For more information about the Study Group, please visit our page
https://carletonhistorygraduatestudentassociation.wordpress.com/studygroup

Please don’t hesitate to get in touch if you have any questions!
Sara Spike sspike [at] connect.carleton.ca
Emmanuel Hogg ehogg [at] connect.carleton.ca

Hope to see you there!

Theory Study Group: Dominique Marshall, Dealing with the Political History of Childhood

All graduate students and faculty are welcome to join the discussion!

Dominique Marshall, Dealing with the Political History of Childhood
Tuesday, February 7, 2012, 3pm
History Lounge (Paterson 433)

In preparation, please read the following pieces:

Dominique Marshall, “Children’s Rights and Children’s Actions in International Relief and Domestic Welfare: The Work of Herbert Hoover between 1914 and 1950,” Journal of the History of Children and Youth 1, no. 3 (Fall 2008): 351-388. (LINK to article in library database)

Dominique Marshall, review of Recuerdos: Basque Children Refugees in Great Britain, edited by Natalia Benjamin (2007), Journal of the History of Children and Youth 3, no. 3 (2010): 438-440. (LINK to article in library database)

Professor and Acting Chair in the Department of History, Dominique Marshall’s work focuses on children’s rights, social policy, and child welfare in Canada and internationally.

The Study Group is a series of workshops that aims to provide graduate students from Carleton’s History Department with a venue for debate and discussion on matters that relate to historical theory, method, and practice, broadly defined.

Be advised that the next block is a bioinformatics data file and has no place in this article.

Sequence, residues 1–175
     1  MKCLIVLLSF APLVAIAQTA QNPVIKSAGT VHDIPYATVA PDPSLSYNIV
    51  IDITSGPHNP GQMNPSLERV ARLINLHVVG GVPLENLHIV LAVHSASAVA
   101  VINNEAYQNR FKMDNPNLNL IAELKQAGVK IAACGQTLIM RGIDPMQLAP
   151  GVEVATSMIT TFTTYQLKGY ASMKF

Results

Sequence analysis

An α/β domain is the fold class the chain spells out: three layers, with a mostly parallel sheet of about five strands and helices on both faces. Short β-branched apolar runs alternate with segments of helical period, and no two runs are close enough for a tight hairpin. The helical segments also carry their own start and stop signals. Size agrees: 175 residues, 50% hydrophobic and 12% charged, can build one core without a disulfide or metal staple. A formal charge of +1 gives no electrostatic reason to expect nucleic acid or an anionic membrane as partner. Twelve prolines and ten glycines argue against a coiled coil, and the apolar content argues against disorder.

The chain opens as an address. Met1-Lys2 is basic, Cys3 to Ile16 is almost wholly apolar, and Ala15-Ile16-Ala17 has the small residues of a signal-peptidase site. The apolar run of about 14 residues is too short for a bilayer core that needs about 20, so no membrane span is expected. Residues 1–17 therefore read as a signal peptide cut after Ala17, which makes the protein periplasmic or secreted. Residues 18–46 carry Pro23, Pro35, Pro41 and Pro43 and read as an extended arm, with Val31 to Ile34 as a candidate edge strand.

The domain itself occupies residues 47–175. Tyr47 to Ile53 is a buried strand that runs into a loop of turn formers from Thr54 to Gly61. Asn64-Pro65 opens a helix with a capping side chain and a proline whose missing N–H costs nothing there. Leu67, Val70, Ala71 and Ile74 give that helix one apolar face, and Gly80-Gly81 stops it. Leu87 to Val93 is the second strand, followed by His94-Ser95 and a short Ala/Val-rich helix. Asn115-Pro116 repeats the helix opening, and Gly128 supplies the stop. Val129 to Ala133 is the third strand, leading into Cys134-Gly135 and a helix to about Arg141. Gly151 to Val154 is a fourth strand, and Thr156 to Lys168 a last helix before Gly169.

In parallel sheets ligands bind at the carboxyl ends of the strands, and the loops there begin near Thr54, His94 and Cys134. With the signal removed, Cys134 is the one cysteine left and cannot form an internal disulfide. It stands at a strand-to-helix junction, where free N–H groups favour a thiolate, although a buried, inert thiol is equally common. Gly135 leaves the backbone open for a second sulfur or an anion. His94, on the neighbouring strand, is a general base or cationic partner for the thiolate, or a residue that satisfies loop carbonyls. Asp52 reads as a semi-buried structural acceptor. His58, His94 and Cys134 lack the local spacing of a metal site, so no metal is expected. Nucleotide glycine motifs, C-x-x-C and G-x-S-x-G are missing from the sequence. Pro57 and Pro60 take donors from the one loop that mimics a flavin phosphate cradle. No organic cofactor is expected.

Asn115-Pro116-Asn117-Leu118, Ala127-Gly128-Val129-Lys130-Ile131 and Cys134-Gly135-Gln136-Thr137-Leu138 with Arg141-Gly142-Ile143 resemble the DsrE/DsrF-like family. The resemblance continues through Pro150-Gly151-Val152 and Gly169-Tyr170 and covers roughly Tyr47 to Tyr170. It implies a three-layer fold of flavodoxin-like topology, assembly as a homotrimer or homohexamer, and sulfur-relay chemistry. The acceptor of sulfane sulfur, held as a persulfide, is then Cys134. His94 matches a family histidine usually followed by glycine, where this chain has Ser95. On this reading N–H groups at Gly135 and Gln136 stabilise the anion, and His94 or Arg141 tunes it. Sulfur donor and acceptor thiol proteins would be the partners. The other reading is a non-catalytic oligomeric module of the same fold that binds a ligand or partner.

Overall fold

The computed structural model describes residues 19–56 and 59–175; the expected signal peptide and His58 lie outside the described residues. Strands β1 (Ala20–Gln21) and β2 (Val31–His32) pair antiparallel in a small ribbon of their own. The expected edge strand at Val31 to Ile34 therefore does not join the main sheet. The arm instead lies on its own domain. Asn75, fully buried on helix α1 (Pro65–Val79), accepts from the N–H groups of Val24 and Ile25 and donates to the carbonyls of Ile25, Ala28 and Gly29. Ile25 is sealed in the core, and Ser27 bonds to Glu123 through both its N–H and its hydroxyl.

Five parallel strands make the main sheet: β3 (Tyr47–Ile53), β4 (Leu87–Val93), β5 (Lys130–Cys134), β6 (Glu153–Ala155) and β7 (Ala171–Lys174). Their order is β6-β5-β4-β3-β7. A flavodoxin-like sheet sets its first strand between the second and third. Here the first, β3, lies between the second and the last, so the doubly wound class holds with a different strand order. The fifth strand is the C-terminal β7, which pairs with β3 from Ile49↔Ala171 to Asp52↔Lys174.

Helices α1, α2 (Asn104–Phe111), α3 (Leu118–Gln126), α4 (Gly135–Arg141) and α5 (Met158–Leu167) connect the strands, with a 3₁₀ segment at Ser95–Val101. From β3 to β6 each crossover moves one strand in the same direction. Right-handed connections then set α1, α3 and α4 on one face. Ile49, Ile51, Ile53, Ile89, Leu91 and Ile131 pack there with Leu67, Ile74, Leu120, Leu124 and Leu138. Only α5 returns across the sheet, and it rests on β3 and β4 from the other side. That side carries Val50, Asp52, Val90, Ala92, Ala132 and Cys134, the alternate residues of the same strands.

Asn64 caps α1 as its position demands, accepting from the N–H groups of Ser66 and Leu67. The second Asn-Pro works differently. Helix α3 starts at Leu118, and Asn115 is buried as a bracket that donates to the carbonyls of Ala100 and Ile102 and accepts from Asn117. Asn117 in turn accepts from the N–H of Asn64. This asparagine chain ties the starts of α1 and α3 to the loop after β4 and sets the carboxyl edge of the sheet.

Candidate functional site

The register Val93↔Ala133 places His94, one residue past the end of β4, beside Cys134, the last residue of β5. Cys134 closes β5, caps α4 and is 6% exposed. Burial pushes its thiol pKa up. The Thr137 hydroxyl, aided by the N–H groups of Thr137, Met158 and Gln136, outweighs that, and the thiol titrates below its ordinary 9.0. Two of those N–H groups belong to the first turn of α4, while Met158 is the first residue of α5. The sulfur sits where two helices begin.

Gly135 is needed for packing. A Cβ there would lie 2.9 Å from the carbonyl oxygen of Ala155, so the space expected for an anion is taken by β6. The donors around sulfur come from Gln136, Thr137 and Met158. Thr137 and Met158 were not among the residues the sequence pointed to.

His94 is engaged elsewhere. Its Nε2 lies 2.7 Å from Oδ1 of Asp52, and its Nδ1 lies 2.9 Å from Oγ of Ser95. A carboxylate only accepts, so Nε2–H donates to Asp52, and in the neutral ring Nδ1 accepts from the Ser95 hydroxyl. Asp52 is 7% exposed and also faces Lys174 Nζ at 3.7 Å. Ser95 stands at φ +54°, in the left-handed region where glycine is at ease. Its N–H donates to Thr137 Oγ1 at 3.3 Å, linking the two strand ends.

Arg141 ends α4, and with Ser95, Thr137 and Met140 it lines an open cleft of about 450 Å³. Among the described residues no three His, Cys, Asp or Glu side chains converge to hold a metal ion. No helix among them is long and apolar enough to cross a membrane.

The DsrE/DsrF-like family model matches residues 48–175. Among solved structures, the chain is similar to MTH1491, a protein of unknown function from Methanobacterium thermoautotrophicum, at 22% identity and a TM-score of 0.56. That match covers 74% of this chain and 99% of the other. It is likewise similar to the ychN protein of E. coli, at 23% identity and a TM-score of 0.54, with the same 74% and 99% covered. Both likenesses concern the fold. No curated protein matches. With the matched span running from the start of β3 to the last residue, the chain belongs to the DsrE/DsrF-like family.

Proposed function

For more information about the Study Group, please visit our page
https://carletonhistorygraduatestudentassociation.wordpress.com/studygroup

Please don’t hesitate to get in touch if you have any questions!
Sara Spike sspike [at] connect.carleton.ca
Emmanuel Hogg ehogg [at] connect.carleton.ca

Hope to see you there!

Names Instead of Numbers

The travelling exhibition, “Names Instead of Numbers,” will be coming to Carleton’s Department of History in February 2012, with the support of the Max and Tessie Zelikovitz Centre for Jewish Studies.  The exhibit launch will be on February 9th at 6pm.  To see the Facebook event, click here.

This exhibit highlights twenty-two biographies of prisoners at the former Nazi concentration camp of Dachau, with material from the Dachau Remembrance Book project.  This exhibit comes to Carleton as part of the Second Annual Interdisciplinary Conference in Jewish Studies, entitled “Jewish Spaces, Jewish Places,” and will be held on February 9th, 2012.

For more information about the conference, please click here.

For more information on the exhibition, click the following link:

http://ccph.carleton.ca/dachau/

Living Room Lecture 3: Rejecting the Mainstream in Historical Perspective

Dear HGSA Members,

You are all cordially invited to the third living room lecture of the 2011-2012 year on the evening of next Thursday, February 2nd. On that night, Jason Charbonneau and Ian Wereley will be presenting on their very different, but paralleling topics that relate broadly to the theme “Rejecting the Mainstream in Historical Perspective”. (Find abstracts of their presentation on the HGSA website Living Room Lecture page) .   The lecture will be happening once more in the living room of 208 General Avenue, just across the farm from Carleton http://maps.google.ca/maps?q=208+General+Ave,+Ottawa,+ON+K1Z+7T8&hl=en&sll=49.891235,-97.15369&sspn=30.814043,86.572266&oq=208+General+&vpsrc=0&hnear=208+General+Ave,+Ottawa,+Ontario+K1Z+7T8&t=m&z=16

Further details are as follows:

Thursday, February 2nd 7pm

Theme(s): Rejecting the Mainstream in Historical Perspective

Presenter 1: Jason Charbonneau

Title: “Prophecy, Providence and Politics: Pierre Jurieu and the petits prophètes, 1686-1692”

Presenter 2: Ian Wereley

Title: “The British Back to Coal Movement: The Rise of an Energy Security Lobby, 1931-1934.”

Venue: “the” living room of 208 General Avenue

Hope to see you there!